Just a few thoughts on one of the emerging “agile” software project management methodologies out in the field today. Scrum seeks to follow a rapid, iterative approach which involves the customer interactively along the development process to make sure that requirements and project scope are carefully tuned to the customer’s expectations.
Scrum at a High Level
- Scrum is an “agile” process that allows us to focus on delivering the highest business value in the shortest time.
- It allows us to rapidly and repeatedly inspect actual working software (every two weeks to one month).
- The business sets priorities. Teams self-organize to determine the best way to deliver the highest priority features.
- Every two weeks to a month anyone can see real working software and decide to release it as is or continue to enhance it for another sprint.
Learn Scrum in 7 Minutes!
The following video gives a informative take on the Scrum software project management methodology. While I do not know the folklore behind the use of “pigs and chickens” as the characterized project workers, they are commonly used symbols when the concept of scrum is explained or discussed.
More Background on Scrum
Scrum is an agile software development model based on multiple small teams working in an intensive and interdependent manner. The term is named for the scrum (or scrummage) formation in rugby, which is used to restart the game after an event that causes play to stop, such as an infringement.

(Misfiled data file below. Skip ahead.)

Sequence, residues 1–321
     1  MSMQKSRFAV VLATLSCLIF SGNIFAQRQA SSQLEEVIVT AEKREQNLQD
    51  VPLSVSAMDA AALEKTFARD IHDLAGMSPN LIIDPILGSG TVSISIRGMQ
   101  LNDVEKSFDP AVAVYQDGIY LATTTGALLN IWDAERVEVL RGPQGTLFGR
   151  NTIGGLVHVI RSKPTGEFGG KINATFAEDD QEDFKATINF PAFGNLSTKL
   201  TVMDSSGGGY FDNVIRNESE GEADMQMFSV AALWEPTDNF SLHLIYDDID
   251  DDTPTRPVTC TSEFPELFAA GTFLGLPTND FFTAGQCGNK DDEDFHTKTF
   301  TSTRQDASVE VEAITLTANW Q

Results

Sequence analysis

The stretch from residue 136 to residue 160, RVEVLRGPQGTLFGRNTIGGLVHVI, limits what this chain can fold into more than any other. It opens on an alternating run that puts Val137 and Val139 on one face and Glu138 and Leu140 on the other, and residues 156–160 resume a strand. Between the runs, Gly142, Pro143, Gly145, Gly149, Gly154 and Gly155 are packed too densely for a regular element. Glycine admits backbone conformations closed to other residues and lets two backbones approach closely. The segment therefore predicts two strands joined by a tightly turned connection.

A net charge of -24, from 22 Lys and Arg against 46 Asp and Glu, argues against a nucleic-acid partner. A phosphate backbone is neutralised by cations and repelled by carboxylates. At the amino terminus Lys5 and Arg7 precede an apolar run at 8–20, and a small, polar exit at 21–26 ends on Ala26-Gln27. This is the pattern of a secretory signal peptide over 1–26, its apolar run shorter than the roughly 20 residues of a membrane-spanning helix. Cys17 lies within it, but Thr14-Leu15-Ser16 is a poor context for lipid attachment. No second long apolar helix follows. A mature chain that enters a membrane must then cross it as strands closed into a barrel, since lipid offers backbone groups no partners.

Scrum employs real-time decision-making processes based on actual events and information. This requires well-trained and specialized teams capable of self-management, communication and decision-making. The teams in the organization work together while constantly focusing on their common interests.
- Initial appointment of a project manager called the “scrum master.”
- Definition and prioritization of tasks to be done.
- Planning sessions for each task.
- Daily meetings among teams.
- Identification and evaluation of potential project risks and process pitfalls.
- Execution of projects in brief, high-intensity, frequent work sessions.
- Reviews of progress and evaluations of completed projects.
- Openness to constructive criticism and ideas for improvement.
The scrum concept was introduced by Hirotaka Takeuchi and Ikujiro Nonaka in a 1986 article in The Harvard Business Review, “The New New Product Development Game” The original context was manufacturing. Jeff Sutherland, John Scumniotales and Jeff McKenna are credited with adopting, implementing and documenting the model for software development at Easel Corporation in 1993. In 1995, Ken Schwaber presented an influential white paper at OOPSLA, “SCRUM Development Process.”
(Definition taken from: Search Software Quality)
Scrum vs. Traditional Management Methods
I have had most of my experience with waterfall methods, but I can see some value in the agile approach. The big difference between the two is that in agile projects, evaluation of a module is present before it is passed along. In Waterfall, there is no stopping and the project flow passes along with hopes of a good outcome. In Waterfall, the linear approach makes it harder to go back when a downstream team or group meets with a major problem or roadblock caused by decisions made during earlier tasks.